If you use last year’s stats, at no point was Ubaldo fanning guys at the same rate as SS. Oh, not to mention he walked more batters as well. The comp isn’t terrible but it’s not appropriate, either.

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    • Welp says:

      What the hell does that have to with anything? When did the fangraphs readership forget how to read?

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  16. Doc Gooden says:

    Hi guys! I had played real good young once too!

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  17. michaelfranko says:

    I agree with you completely, and I don’t think it’s jumping the gun at all.

    He’s the best pitcher I have ever seen, and he also has the best stuff I’ve ever seen.

    He also has the most visceral kinds of pitchers–everyone wants to see the 100MPH fastball and the gigantic curveball. His change-up moves so much and still comes in so fast that it is as exciting as any of his other pitches and, from college video, I swear he also had a slider, whether he intended to throw it or not, and it was just as electric.

    There are pitchers who have been and can be as successful as he can be, but probably not in the same fashion. I mean, anyone who says he’d rather watch Greg Maddux, an equally dominating but unspectacular pitcher, instead of Stephen Strasburg is trying to be some kind of hipstery “I’m making a point” baseball fan.

    I also saw an article a little while ago about how efficient Strasburg has been. It’s remarkable how few pitches he actually throws despite putting up these numbers. I mean, Justin Verlander and CC Sabathia have 115, 120 pitch starts all the time and Strasburg can breeze through 7 innings in 95 pitches.

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    • mbrady16 says:

      I totally agree with you. There will always be detractors. Meanwhile the rest of us can simply enjoy watching the dude throw a baseball like we haven’t really seen.

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    • Andy says:

      Strasburg has gone 7 innings exactly twice in his 13 major league starts. He also has 5 starts where he didn’t make it out of the 5th and had a pitch count of at least 84 and several of those were in the 90’s. Breezing through 7 innings on a low pitch count hasn’t been typical for him.

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      • Bip says:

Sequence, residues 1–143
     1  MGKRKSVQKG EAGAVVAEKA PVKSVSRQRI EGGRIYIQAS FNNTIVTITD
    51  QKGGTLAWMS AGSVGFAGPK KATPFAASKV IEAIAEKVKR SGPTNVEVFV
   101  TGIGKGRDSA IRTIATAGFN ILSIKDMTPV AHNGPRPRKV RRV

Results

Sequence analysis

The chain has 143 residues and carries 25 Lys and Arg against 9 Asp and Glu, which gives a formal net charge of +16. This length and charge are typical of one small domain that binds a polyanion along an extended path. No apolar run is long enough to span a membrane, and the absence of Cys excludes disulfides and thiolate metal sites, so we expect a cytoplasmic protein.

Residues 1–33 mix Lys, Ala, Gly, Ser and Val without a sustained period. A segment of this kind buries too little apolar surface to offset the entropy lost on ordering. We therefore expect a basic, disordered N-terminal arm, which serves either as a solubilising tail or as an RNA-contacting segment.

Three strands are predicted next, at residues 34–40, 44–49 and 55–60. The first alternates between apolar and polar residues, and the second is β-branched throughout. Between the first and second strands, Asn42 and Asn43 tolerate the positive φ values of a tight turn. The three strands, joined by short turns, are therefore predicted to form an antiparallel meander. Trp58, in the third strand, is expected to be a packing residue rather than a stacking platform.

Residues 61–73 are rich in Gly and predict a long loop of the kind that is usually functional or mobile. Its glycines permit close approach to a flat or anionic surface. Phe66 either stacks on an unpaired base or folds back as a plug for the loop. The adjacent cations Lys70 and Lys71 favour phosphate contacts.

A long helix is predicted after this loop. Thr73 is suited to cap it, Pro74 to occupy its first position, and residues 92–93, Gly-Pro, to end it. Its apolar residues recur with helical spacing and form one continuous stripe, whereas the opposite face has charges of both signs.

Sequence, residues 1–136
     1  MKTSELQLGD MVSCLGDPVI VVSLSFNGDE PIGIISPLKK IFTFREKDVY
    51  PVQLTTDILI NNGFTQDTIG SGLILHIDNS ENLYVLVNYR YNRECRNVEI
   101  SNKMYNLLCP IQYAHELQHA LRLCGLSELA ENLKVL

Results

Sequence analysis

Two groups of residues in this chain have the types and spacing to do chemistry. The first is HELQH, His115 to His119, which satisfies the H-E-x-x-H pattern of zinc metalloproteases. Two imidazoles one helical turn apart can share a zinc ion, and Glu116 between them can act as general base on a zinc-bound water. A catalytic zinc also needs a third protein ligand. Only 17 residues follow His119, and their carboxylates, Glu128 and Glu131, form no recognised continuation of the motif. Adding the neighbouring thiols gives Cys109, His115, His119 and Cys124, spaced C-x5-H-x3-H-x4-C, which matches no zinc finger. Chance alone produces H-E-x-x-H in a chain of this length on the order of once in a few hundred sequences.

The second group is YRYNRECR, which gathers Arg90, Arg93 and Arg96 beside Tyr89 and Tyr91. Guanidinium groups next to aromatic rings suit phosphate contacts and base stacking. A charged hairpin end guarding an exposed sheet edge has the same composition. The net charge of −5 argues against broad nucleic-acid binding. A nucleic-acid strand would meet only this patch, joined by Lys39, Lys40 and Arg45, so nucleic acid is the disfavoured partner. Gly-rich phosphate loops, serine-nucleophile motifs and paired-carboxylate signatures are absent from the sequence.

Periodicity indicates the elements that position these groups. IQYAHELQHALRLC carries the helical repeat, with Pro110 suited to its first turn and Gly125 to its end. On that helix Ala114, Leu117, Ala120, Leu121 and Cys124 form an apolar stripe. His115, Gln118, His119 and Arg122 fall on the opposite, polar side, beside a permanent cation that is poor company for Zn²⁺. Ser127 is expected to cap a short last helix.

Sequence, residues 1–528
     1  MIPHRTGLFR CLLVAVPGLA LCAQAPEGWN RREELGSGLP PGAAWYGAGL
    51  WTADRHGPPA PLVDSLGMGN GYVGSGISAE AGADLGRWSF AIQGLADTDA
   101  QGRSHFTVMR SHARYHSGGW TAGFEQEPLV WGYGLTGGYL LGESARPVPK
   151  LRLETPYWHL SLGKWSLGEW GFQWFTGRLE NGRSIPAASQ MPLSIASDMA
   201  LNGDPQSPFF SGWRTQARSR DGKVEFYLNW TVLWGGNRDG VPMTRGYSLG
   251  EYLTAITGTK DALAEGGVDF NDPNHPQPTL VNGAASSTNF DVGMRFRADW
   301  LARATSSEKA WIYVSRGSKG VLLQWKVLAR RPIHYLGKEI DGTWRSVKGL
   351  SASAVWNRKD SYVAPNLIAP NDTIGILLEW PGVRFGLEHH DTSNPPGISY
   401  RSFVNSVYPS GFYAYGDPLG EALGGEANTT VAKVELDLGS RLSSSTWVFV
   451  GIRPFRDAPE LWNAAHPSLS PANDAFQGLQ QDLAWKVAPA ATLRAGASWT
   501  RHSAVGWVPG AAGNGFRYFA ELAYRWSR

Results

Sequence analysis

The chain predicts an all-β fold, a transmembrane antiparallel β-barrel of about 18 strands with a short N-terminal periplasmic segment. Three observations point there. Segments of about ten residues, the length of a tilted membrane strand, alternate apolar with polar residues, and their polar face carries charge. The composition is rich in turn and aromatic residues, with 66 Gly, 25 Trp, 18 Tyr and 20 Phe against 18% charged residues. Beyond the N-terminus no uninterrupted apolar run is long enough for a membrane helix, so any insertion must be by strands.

I think that might be attributable to him not knowing how to pitch yet. As in, he has the stuff, he has the command, but he just needs to know how to use it to put guys away. That’s one thing that it seems to take the longest to develop, the ability to go deep into games.

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      • DCN says:

        No, but he’s shown that he might be able to do it.

        Last night he went 5 on 56, 40 for strikes. He also had these starts last year.

        7 on 94, 65 for strikes
        7 on 85, 59 for strikes
        4 1/3 on 53, 37 for strikes (then he blew out his arm)

        For a guy that young, that is pretty impressive. He has room to improve, but few pitchers are very efficient when they’re that young.

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    • DCN says:

      Interesting that you mention Maddux, because the way Stras pitched yesterday you get the feeling he could be like Maddux with better stuff. He was pitching to spots and getting outs with weak contact.

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  18. Misfit says:

    This article is not arguing that Stephen Strasburg is on track to be the best ever. This piece is about the spectacle, the event, that has become Stephen Strasburg and I wonder how anyone can argue that.

    Strasburg is young and relatively unseen by most. He throws impossibly hard fastballs and sharp back-foot breaking balls. He makes profressional hitters look like fools with that change-up and we have yet to see him fail (unless you count injury as failure).

    We have no idea which way this thing will go, and that just adds to the excitement. What will happen the next time he takes the mound? It seems like he could do anything. The last young pitcher I recall creating this kind of buzz was Kerry Wood. Sadly, we all know how that story ended and I hope Strasburg does not suffer the same fate but I’m not going to waste my time worrying, I’m going to just watch and enjoy. For my money, Pedro Martinez was the most “watchable” pitcher of my era and my era includes prime Maddux, Johnson, and Clemens. I don’t know if Strasburg will supplant any of those 4, but just the fact that he’s entered the discussion is good enough.

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    • DCN says:

      Wood was nowhere near as accurate, though. He walked more than twice as many batters as Stras in his early career.

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    • GMH says:

      “I don’t think I’m exaggerating when I suggest that should Strasburg stay healthy and avoid the problems that ended his first season, he could be the best pitcher I’ve ever seen, and perhaps the best pitcher to ever play the game.”

      You don’t even have to read past the second paragraph to discover that the writer is indeed arguing that Strasburg is on track to be the best ever.

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  19. b says:

    Does it appear to anyone else that Stras has not changed his mechanics from last year?

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    • GMH says:

      No change in his mechanics. No one is going to force a 23-year-old pitcher with Strasburg’s stuff and command to re-learn how to throw a baseball. They’d probably have more success teaching him to pitch lefthanded.